Thursday, March 26, 2015

News: Further smart motorways ahead


Highways England has outlined its five year investment plan which includes plans for extending the smart motorway scheme that is already under construction through Rotherham.

The government-owned company, which replaces the Highways Agency from April 1, will invest £11 billion in delivering a raft of improvements on England's motorways and major A roads making roads even safer, improving traffic flow and reducing congestion.

The five year plan includes infrastructure and improvement projects that have already been announced by the Government including the two smart motorway schemes on the M1 through Rotherham.

A ten mile stretch of the M1 between junctions 32 (south of Sheffield and Rotherham) and 35a (north of Sheffield and Rotherham) is set to benefit from a project costing between £124m and £174m. A similar scheme costing between £163m and £221m is planned for the M1 between junction 28 (South Normanton) and 31 (Aston).

The projects include plans for converting the hard shoulder to an extra traffic lane in both directions and variable mandatory speed limits and they deliver benefits at a significantly lower cost than conventional motorway widening and with less impact on the environment during construction. Signs and signals will still be used to inform drivers of conditions on the network and when variable speed limits are in place.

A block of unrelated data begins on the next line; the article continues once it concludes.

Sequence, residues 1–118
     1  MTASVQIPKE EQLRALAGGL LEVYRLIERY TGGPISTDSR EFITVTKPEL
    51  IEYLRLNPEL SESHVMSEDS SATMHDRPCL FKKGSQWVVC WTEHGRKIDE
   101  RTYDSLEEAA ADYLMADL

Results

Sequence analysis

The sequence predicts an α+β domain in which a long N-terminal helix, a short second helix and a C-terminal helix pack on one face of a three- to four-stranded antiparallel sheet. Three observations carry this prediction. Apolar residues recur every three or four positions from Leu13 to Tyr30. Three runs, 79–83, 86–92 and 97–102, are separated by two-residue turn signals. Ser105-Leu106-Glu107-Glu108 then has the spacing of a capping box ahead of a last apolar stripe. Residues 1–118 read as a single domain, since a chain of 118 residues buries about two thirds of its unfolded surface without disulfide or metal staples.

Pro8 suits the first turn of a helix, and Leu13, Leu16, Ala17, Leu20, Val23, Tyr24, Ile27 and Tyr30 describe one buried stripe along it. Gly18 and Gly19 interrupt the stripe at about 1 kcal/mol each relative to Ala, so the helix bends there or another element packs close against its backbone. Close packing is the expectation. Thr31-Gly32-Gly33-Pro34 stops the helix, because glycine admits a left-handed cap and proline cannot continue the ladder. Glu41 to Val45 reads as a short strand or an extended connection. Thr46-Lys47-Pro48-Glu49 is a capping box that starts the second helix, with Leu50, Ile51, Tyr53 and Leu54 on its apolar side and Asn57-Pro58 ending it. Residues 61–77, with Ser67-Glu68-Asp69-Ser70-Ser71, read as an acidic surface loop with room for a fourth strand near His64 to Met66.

The schemes are set to be completed by contractors, Costain and be open for traffic by the April 2016.

Highways England has today announced a further 15 planned investments for the next "Road Period" which begins in 2019/20. This includes a project for four lane running on a stretch of the motorway between Rotherham and Wakefield which would fill in the gap and ultimately create a smart motorway all the way to Leeds. With 41 lane miles set to be converted with schemes underway, the next project would provide an additional 27 lane miles of capacity.

The long term goal is a smart motorway spine linking London, Birmingham, Manchester and Leeds.

Graham Dalton, chief executive of Highways England, said: "The launch of Highways England is an incredibly significant moment for those who rely on England’s motorways and major A roads.

"As well as delivering the biggest investment in major roads since the 1970s, there will be fundamental changes to the way motorways and major A roads are maintained and operated. We will be focussing on customers, providing better travel information before and during journeys, improving safety and reducing the impact of roadworks.

"Highways England is the organisation that will meet this challenge. We are committed to a strategic road network in England that is far safer, more free-flowing and more integrated and supports economic growth across the country."

The plan also discusses the long awaited improvements to the trans-Pennine routes and improving journey times between Manchester and Sheffield. In December, the Government announced that it will be investing £170m on the A57, A628 and A628 trans-Pennine route, including a bypass for the village of Mottram. Design options and environmental surveys will need to be carried out before options are brought to the public through a consultation in 2017.

Highways England website

Images: Highways Agency


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